"There was a legal market in Cyprus which my family was involved in."
Over the next few years Nadir took over a number of hotels, factories, warehouses and citrus fruit orchards. These included the Jasmine Court apartment complex in Kyrenia and the Constantia Hotel (since renamed the Palm Beach Hotel) in Famagusta.
"He is a symbol in Cyprus," says veteran Greek Cypriot politician Alexis Galanos, "for the taking of land and property that did not belong to him and was given to him by [the late Turkish Cypriot political leader, Rauf] Denktash."
The prosecution at Mr Nadir's trial was shown a glossy Polly Peck International promotional video, made in 1989, which featured both the Palm Beach and the Jasmine Court.
The court also saw a contract dated 1988 contract in which the recently formed Turkish Cypriot administration, now referred to as the Turkish Republic of North Cyprus, leased Jasmine Court to a Polly Peck subsidiary, Voyager Kibris.
With an astute eye on business opportunities, Asil Nadir acquired a run down fruit-and-vegetable packaging plant at Kato Zodia, near Guzelyurt (or in Greek Morphou), which had belonged to a Greek Cypriot fruit growers' co-operative, Sedigep. He also acquired a large amount of fruit producing land nearby.
This is a sensitive point, as it is unlikely that Mr Nadir, or any other Turkish Cypriot who took over empty premises and vacant land, paid any significant sum of money to the Turkish Republic of North Cyprus (TRNC) administration for these major assets.
In court, Mr Nadir admitted that he took over Polly Peck International in 1980, including Uni-Pac and Sunzest Trading 'For virtually nothing'. In reality, the accounts of PPI show that Mr Nadir paid £270,000 for the company.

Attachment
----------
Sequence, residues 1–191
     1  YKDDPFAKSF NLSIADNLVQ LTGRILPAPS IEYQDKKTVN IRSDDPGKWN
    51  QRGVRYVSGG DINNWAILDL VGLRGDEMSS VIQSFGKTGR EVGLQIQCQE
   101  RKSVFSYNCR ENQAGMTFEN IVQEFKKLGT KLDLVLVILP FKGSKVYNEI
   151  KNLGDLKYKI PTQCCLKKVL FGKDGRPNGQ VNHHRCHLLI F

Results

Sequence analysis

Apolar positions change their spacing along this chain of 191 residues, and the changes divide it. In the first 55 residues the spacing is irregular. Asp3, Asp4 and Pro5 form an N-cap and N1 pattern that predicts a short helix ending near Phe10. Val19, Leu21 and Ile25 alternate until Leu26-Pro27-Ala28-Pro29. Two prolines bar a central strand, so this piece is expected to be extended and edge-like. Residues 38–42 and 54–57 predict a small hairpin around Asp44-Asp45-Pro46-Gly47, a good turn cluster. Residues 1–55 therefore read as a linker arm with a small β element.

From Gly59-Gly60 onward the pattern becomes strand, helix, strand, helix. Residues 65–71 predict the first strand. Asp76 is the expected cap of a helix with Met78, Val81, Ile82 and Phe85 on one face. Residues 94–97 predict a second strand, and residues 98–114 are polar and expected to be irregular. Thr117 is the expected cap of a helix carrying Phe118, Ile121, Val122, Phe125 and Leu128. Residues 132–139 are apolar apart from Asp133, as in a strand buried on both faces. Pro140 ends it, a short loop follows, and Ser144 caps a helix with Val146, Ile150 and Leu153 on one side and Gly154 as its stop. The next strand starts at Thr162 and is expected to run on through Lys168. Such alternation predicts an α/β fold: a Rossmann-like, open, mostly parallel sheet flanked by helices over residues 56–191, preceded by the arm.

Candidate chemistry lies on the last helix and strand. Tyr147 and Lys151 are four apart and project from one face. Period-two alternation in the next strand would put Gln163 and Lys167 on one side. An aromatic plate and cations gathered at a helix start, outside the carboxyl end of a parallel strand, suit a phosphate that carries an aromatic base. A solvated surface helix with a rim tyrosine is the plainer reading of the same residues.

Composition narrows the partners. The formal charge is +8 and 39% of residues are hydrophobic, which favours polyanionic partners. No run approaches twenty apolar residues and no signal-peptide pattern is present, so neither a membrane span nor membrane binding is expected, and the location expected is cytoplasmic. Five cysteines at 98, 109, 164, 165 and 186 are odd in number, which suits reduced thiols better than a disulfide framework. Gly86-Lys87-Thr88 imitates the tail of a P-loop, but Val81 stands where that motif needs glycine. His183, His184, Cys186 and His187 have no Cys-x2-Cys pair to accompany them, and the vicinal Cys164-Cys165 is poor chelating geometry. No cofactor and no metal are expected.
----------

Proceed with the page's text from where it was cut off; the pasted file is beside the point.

Uni-Pac Packaging was a corrugated box manufacturer which packaged TRNC fruit for export markets, including Turkey. Voyager Kibris Ltd was the vehicle Mr Nadir used to purchase the Sheraton Voyager hotel in Turkey and to develop hotels in North Cyprus.
There are longstanding rumours that Mr Nadir was especially favoured by Rauf Denktas, the president of the TRNC.
It is true that President Denktas offered Mr Nadir sanctuary in north cyprus after the collapse of the Polly Peck empire, but Mr Nadir was only one of the entrepreneurs who benefitted from the departure of Greek CYpriots from the north.
Unlike several other recipients of land and assets, Asil Nadir made good use of these opportunities and invested funds into TRNC business operations in order to develop them for the demanding requirements of export markets. In 1993, Denktas and Nadir had a public exchange of acrimonious comments and Denktas called for his arrest on tax evasion charges. This matter was never pursued.
Mr Nadir has generally supported and been associated with the National Unity Party, UBP, and Denktas led the UBP for many years. There was a period from around 2003 to 2009, when he appeared out of favour and the CTP-BG were in office.